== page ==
Making Sense, Making Change, and Protecting Rebels

by Rich Gibson

August 2011


For well over a decade, a few professors, teachers, parents, community people, and maybe even more students, have made the now-tedious case against high-takes exams as racist, unscientific, class-based tools of segregation.


While often missing the point of the education agenda as an empire's war and class war agenda, which should be abundantly evident, test opponents have appealed with impeccable logic, passion, cleverness, and too few simple "F-you"s.

The Big Test issue involves power, money (always), and people as well.

Test boycotts are a fine form of people-power. They don't reach the level of the even-better actions of last school year (building seizures, bank occupations, student strikes, the library occupations in Chicago, and so on), but they would be a beginning, again. Sometimes the spiral of change arcs back on itself.


Rebels, though, need protective cover.


Test resistance happened in the past, from "be a hero take a zero" student-initiated actions, to entire districts opting out, as in Birmingham, Michigan, a wealthy Detroit suburb where one parent said, "these tests will make our children stupid." The Birmingham superintendent said to state test coordinators in a mass meeting of the community, “If you think the people of Birmingham are going to subject our children to your tests, you don't know how power works.” Not long ago, Birmingham was opting out at levels of above 90%.

Another wealthy suburb, Lajolla, California, checked itself out of current Obama Border Czar Alan Bersin's dictatorial San Diego "Blueprint," with remarkable ease. The latter two models demonstrate the power of money.

In each case that I know of, somebody had to go first--even in social network organizing.

Those who have gone first, who did not have wealth behind them, frequently faced retaliation-- and a few have not, or only been annoyed a bit.

For the most part, people who took the lead came under attack, much of it quite serious--loss of jobs, denial of college recommendations, systematic isolation, denial of tenure, faculty swarming, and more.

What I think is often missed by honest people who want the test frenzy, and its causes as well, to come to an end is that this is a very real fight. School workers and their likely allies are, well, too nice. 


Sure, we must reason with people and explain our case--and for my part that case will always connect the parts, tests, to the whole: class war. It's a redundancy (schooling and its social context) for me, mainly because so few people are willing to make it. In the US, where people, quasi-citizens, know so little history they cannot link cause and effect, the contextual relationship is vital to organizing which can be maintained and grown.

Reason is important, part of the crux of why we teach.

But it is unreasonable to think that making a good case is enough. This is a battle, one that will lead to others--I hope—one building on the next.

Since it is a fight already engaged in mass ways by a corporate state, the government, it can appear to be a fight that is de-personalized, coming from a system. That is a one-sided outlook.


Bad people initiate and propel the mis-education of children for a variety of reasons: profit (McGraw Hill), social control (Obama/Bush plus McGraw Hill), fear and opportunism (many teachers, principals, superintendents), racism (pro-test researchers), and sheer stupidity (Surprise! Merit pay attaches perfectly to the tests!).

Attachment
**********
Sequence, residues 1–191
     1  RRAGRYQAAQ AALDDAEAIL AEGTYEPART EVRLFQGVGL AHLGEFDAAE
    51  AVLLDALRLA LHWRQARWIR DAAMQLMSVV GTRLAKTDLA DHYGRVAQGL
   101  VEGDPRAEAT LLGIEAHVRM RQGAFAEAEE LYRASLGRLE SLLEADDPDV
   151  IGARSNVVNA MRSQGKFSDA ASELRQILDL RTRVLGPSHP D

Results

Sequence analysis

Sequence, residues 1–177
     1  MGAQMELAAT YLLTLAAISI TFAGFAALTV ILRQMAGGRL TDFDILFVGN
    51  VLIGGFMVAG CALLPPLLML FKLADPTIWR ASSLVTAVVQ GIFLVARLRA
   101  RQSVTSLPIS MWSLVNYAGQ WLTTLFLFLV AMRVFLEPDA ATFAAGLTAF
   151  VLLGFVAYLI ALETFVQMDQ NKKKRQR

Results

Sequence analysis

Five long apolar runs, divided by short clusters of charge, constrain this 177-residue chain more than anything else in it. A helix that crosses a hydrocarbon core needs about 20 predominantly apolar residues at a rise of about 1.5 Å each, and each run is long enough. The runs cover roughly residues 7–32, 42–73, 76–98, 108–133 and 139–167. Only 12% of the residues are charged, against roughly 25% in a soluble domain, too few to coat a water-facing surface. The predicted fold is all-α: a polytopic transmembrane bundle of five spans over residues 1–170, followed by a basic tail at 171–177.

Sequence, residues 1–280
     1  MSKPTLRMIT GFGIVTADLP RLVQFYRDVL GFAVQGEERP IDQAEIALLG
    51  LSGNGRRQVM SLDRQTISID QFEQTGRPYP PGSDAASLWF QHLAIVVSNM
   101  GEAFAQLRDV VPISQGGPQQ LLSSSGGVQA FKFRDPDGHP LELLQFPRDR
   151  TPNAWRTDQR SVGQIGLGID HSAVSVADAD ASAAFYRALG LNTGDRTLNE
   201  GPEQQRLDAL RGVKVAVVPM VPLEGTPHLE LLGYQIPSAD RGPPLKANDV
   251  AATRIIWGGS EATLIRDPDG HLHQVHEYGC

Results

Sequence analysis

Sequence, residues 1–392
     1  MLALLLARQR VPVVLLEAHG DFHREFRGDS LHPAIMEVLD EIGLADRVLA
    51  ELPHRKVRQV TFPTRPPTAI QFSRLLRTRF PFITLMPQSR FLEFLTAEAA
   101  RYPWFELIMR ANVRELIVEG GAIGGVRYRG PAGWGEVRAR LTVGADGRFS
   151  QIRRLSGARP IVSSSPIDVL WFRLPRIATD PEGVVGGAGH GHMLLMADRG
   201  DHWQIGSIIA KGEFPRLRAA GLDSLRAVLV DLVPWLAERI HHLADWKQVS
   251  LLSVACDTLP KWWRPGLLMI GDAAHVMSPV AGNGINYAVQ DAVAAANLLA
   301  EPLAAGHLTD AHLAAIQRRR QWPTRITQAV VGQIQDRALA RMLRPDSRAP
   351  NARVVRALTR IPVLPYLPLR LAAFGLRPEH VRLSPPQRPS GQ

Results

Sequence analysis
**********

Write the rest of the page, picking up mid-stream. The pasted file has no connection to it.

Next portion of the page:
Some of these bad people who really have no stake, material interest, in perpetuating what is actually the construction of their own oppression, like many students and teachers, can change their views when challenged by mere reason. Perhaps they should be called ruined people who can become better than they are at the moment.

The US education system is the central organizing point of N. American life.  Schools are missions for US capitalism and its empire.  The bosses at McGraw Hill or Obama, are never going to be reasoned out of a structure that protects and nourishes them.


Others have to be shown by rebel example.

From the time that the first slave launched a retaliatory slap against a master, it has been clear that action changes minds as well. Indeed, it is indispensable.

Those who initiate that action, as someone must go first, need to be protected by people who grasp the nature of a real fight and are prepared to take harsh measures against bad people who personify a rotten system. Those defenders probably cannot be public about what they plan or do, but harsh measures are not hard to imagine, take, and mask. People need not study Giap, Al Quada, Sun Tzu, or B.H. Liddel Hart. “The War of the Flea,” to come up with a grasp of specific conditions and ways for the dispossessed to hurt offenders.


The overseers who serve as puppets for very real masters are more vulnerable than they appear to be. Among the most vulnerable: upper echelons of the unions.


What seems to me to be ahead is a relentless assault, far more severe and rapid than what we have experienced to date, on daily life (income, jobs, benefits, hours, tuition hikes, the social safety net—now largely evaporated--more lost wars), and on reason too: class war escalated.


We know the No Child Left Behind waivers are a bait and switch maneuver, as Stephen Krashen aptly put it, designed to make the regulation of what is known, and how people come to know it, even more surveilled and restricted. It is the Race to the Top on adrenaline.


The current liquidity crisis (overproduction of goods and capital, collapsed income and hence demand, frozen markets, etc) and six failing wars invariably means capital, and the people who believe they run it, will hit at us unrelentingly, shaving people off with razor like precision, the poorest hit first and worst, usually a color coded method.

For America's power slingers, the casinos are closing. There are few places left to gamble in the world and the winnings are slim. It follows that they will turn on their “own” public, savagely. The more they win, succeed in driving down wages, the more their economy stalls. Capital must move, but it cannot move—proof of Marx's dictum that the limit to capital is capital itself.